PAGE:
[AAP] Monday 28 September 1998
A distressed Pauline Hanson wept openly as a song characterising her as a homosexual, prostitute, transvestite, and member of the Ku Klux Klan, was played to Queensland's most senior judges here today.
The song, I'm A Back Door Man, produced and sung by the satirist drag queen Pauline Pantsdown, remained banned today after the ABC lost the last legal challenge available to it in Queensland courts.
The song, using Hanson's own voice, was taken off the national airwaves last September after the One Nation leader successfully sought a Supreme Court injunction preventing youth oriented ABC radio network JJJ from continuing its airplay.
The ABC today, represented by Queensland barrister Bob Mulholland QC, attempted to have the injunction lifted by the Queensland Court of Appeal on the basis the song was merely a piece of "satirical nonsense", made "injest", not to be taken literally and therefore not defamatory.
As part of the hearing the song lyrics, involving a "cut and paste" of Hanson's voice in media interviews, were played to Chief Justice Paul de Jersey, President Margaret McMurdo, and Justice Bruce McPherson.
Hanson sat at the rear of the court next to One Nation state director Peter James, and began weeping as she heard her voice say: "I'm homosexual, I'm very proud of it".
The song's lyrics went on:
"I'm not straight, I'm not human.
"I'm a backdoor man for the Ku Klux Klan, with a very horrendous plan.
"You must come out and be one of us.
"As long as children come across, I'm a happy person."
Sydney barrister David Rofe QC, for
Hanson, said the entire song was "a scurrilous, smutty little piece", which
implied the One Nation leader was a prostitute, involved in the Ku Klux
Klan and anal intercourse, was a man or
"This is a court setting the community standards for this state," he said.
"We have a parliamentarian, a controversial politician, who indeed at this moment is, as we all know -- as are all politicians, facing an election."
Rofe said if the court gave the green light and lifted the injunction the song would be splashed all over the airwaves mercilessly until Saturday's federal election.
Announcing the court's decision after a brief adjournment, Chief Justice De Jersey found the song was clearly defamatory and a "mindless effort at cheap denigration".
"These were grossly offensive imputations relating to the sexual orientation and preference of a federal politician," Chief Justice De Jersey said in handing down the court's decision shortly after this morning's hearing.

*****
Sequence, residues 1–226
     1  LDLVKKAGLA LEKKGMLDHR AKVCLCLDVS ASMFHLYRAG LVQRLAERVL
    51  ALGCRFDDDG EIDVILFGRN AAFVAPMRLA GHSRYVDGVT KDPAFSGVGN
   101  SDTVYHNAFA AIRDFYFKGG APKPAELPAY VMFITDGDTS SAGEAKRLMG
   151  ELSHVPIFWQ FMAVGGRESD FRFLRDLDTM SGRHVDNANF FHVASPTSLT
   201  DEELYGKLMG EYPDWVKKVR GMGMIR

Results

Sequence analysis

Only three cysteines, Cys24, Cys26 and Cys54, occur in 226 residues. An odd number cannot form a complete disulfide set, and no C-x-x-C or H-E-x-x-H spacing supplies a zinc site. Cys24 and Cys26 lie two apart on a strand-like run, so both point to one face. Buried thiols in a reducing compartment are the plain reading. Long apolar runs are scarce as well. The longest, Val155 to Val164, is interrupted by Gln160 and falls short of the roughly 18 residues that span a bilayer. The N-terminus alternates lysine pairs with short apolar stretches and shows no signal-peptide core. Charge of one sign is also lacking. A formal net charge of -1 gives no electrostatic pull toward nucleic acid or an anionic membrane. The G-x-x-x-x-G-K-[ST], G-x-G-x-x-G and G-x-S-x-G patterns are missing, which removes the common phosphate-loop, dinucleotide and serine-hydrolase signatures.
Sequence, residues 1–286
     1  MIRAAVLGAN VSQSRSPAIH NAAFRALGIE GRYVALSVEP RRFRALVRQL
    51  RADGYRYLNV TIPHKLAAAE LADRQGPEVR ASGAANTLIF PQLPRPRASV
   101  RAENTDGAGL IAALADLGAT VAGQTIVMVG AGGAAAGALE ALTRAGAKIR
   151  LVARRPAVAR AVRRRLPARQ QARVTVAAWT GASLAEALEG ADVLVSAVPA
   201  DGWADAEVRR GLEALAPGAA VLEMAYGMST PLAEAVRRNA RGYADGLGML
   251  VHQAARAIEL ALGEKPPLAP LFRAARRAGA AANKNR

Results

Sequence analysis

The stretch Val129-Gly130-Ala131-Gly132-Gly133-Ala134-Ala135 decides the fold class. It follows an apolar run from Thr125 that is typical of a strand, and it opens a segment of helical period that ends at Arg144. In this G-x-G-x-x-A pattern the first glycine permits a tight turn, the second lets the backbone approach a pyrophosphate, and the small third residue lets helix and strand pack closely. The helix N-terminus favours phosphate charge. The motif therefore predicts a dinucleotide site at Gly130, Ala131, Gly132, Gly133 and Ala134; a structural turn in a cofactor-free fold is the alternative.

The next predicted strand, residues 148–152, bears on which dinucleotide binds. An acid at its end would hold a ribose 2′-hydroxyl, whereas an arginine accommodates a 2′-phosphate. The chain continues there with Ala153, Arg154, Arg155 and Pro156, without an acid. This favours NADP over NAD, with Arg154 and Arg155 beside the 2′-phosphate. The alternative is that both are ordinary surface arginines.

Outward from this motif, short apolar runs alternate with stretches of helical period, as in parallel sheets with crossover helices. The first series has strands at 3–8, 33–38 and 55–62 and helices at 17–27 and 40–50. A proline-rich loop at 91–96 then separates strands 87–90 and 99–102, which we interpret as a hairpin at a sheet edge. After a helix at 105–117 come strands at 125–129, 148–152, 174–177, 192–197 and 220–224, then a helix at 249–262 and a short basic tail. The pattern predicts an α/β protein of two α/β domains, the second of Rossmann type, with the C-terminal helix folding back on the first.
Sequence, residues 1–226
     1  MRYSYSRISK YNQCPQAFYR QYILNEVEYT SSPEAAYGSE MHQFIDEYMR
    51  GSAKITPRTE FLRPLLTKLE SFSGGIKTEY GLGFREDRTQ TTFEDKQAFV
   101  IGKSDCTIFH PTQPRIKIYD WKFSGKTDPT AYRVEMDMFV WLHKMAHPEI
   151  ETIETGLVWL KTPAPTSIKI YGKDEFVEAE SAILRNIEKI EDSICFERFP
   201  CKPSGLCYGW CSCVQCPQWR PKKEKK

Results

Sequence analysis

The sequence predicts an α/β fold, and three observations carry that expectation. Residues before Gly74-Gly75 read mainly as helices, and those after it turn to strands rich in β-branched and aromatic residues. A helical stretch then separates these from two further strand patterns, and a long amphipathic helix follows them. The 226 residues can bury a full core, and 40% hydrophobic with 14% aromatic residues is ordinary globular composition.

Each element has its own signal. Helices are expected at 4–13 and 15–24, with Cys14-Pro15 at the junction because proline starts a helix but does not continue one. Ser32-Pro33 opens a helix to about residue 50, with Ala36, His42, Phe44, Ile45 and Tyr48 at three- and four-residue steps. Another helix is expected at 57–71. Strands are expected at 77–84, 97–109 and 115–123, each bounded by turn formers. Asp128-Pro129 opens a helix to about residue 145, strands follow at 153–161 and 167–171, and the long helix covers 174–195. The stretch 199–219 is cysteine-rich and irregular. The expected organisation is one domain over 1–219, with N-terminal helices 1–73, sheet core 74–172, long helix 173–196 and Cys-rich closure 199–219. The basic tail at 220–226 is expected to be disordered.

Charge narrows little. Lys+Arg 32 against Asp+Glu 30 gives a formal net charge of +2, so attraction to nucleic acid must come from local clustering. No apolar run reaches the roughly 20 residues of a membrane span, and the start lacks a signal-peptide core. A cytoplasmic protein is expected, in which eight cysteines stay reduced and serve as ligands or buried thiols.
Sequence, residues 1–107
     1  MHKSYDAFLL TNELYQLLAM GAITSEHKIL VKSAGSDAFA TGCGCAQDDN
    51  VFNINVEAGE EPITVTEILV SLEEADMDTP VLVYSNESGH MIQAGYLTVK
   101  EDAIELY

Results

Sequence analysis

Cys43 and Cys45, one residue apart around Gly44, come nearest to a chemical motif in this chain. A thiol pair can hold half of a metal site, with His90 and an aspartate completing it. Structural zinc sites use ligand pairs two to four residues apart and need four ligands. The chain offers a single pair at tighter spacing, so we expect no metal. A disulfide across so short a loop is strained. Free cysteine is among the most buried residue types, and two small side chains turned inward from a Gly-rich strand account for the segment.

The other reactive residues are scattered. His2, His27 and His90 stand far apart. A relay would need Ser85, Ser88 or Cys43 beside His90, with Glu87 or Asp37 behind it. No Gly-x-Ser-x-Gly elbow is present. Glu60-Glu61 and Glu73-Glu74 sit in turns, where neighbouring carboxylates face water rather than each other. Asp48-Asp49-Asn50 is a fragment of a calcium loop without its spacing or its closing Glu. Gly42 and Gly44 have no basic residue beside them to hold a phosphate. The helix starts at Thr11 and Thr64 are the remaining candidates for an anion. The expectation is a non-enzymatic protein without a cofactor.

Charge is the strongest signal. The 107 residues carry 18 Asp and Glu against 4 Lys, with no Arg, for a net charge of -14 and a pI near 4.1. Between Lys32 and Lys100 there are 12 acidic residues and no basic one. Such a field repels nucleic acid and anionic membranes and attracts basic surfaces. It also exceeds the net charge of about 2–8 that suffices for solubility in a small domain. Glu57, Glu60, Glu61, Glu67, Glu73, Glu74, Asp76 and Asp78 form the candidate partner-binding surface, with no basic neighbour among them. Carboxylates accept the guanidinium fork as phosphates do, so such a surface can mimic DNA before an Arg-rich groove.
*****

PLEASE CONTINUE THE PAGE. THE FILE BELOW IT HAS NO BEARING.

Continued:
"They (the imputations) are plainly defamatory for exposing the respondent to ridicule and contempt.
"I consider there's no real room for debate that an ordinary listener, not avid for scandal, would find one of the imputations defamatory.
"If a jury were to find the opposite then this court would overturn the decision on appeal."
The Chief Justice found it was "facile" to suggest the ABC could avoid defamation by prefacing the playing of the song with a disclaimer that it was satirical and not to be taken seriously.
Leaving court today, Hanson briefly told journalists she had been distressed by the song and welcomed the Court of Appeal decision.
"I was very upset by it," she said.
"What the court's message is, is that freedom of speech does not extend (sic) by allowing people the right to defame others and tell lies."
Pauline Pantsdown, formerly Sydney academic Simon Hunt, had changed her name by deep poll to contest a New South Wales senate seat on an anti-Hanson ticket.
Today she appeared at court dressed in a short pleated skirt, red jacket and heavy make-up, having flown in from Sydney especially for the decision.
She said she had no sympathy for the distress the song apparently caused the controversial politician.
"If people are hurt by satire, they should get out of the political game."
She told journalists her role was as a satirist, performing the same role as German satirists did against Adolf Hitler.
"Rather than take her (Ms Hanson's) own already extreme views on race, I took a few of her statements on homosexuality and used the same method of argument that she had used to satirise her views.
"I have turned those views around and satirised them. For the court to make a decision in this way; it's just wrong.
"My actions, my songs were trivial; it was a joke."
Pantsdown has had success with a second Pauline Hanson spoof, entitled I Don't Like It, which again uses the politician's own voice.
The new rap-style song sold 16,000 units in three weeks.